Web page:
Del Piero shows again he's a snip at $2m a year

Del Piero shows again he's a snip at $2m a year

A NEW A-League season brings all kind of fresh hope for every team, but some things stay the same. Thankfully, at least for Sydney FC, Alessandro Del Piero is one of them.

This wasn't a barnstorming performance by the Sky Blues - not by any means - but that can be forgiven in round one. Sometimes you just need a result.

Italian job: Sydney FC skipper Alessandro Del Piero pulled the strings against the Jets.

Italian job: Sydney FC skipper Alessandro Del Piero pulled the strings against the Jets.Credit:Anthony Johnson

The 2-0 scoreline more accurately reflected the cold, hard fact that Sydney have Del Piero on their side and that Newcastle do not. Simple, but true. His two acts of genius made the difference. One goal and one assist; though it was hard to know which was more impressive.


The goal never nearly was, especially when he lost the ball after charging down the wing. But some calamitous defending from Zenon Caravella and Connor Chapman conspired to see the Italian regain possession, bamboozle Caravella and fire across Mark Brighitti.

The assist saw him again embarrass Caravella, picking his pocket in the middle of the park. Del Piero surged forward, drawing defenders, and laid it on a plate for Joel Chianese to fire home.

Those were probably Del Piero's only two acts of note (there were the usual tricks and flicks, of course) but they decided the game. That's what you pay $2 million per season for. He turns 39 next month but remains value for money.

The crowd that turned up - a tick over 20,000 - will feel they, too, got their money's worth. The match had a slow enough start but eventually picked up the pace towards half-time.

Whether Friday night football can work in this town is another matter, though plenty will have stayed home to watch the very first live A-League match on free-to-air. We won't know for a while how those broadcasts affect the gate, if at all.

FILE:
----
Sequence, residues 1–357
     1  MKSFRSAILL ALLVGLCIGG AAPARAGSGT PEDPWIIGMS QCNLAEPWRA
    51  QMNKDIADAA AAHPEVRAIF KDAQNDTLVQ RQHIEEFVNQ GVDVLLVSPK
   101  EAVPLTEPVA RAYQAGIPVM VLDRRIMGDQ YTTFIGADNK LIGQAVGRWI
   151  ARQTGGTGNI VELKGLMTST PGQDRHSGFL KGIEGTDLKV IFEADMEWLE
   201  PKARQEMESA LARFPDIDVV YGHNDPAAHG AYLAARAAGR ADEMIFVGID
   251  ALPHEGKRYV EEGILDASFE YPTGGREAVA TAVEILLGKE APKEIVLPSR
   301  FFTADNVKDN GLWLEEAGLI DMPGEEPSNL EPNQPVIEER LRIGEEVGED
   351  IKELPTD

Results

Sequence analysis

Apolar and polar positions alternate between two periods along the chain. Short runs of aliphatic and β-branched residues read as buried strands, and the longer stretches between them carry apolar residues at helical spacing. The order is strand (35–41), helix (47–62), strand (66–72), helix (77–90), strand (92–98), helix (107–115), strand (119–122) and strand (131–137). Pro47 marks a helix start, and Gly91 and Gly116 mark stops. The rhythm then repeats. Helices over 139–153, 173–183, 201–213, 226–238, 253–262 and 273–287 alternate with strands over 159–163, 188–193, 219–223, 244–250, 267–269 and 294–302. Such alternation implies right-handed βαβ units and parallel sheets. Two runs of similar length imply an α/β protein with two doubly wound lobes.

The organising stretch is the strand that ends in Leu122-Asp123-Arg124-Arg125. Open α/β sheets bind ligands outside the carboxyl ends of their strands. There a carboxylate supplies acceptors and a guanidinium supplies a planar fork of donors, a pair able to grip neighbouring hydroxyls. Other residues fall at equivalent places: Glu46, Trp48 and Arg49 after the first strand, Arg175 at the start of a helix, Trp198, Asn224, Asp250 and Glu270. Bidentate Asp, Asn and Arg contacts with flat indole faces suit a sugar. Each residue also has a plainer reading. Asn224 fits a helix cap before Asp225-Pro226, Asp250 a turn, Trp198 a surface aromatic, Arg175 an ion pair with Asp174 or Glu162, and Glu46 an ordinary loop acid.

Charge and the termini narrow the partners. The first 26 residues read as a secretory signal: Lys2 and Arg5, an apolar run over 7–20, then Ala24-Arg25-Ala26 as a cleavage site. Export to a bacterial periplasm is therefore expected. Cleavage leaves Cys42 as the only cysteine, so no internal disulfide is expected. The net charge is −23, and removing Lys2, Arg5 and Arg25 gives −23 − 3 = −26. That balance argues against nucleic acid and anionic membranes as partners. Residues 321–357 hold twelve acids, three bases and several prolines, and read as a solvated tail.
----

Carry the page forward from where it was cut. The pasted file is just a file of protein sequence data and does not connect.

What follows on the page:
It would be wrong to say Newcastle deserved to win, or even to take a share of the points, but they weren't disgraced. Missing Emile Heskey and Michael Bridges, coach Gary van Egmond picked a team loaded with pace and youth. Some of their passing was pleasing for the purists but lacked penetration. Their delivery into the final third was ordinary at best.

The ever-determined Ruben Zadkovich and half-fit Nathan Burns gave their all to unpick the Sydney defence but space was limited.

So deep did Nicky Carle and Matt Thompson - registered for Sydney barely two hours before the game - drop that there was nowhere to turn, except out wide.

This was a reasonable strategy by Sydney to let the game come to them. After all, both of their goals came from counter-attacks.

It seemed as though Frank Farina was coaching more for a result on the night and van Egmond was coaching with a nod towards how he wants his team to play in the future.

However, "Dutchy" won't want to get too particular about style if it doesn't yield points. His Jets missed the finals last year and an early win would have settled a few nerves. That's what this result has done for Farina and his players. It will imbue Seb Ryall and Nikola Petkovic with belief that their defensive partnership can work. Chianese will walk a little taller when he arrives at the recovery session. Ali Abbas will believe he can be more than a bench warmer. Richard Garcia will feel vindicated in his move north, for now at least. Then there's still Brett Emerton, Terry Antonis, Yairo Yau and Corey Gameiro to come back, each with his own qualities to add.

The Sky Blues are a confidence club, and they needed to start the season well. This showed they still need Del Piero, too.

Sebastian Hassett is a football reporter with The Sydney Morning Herald.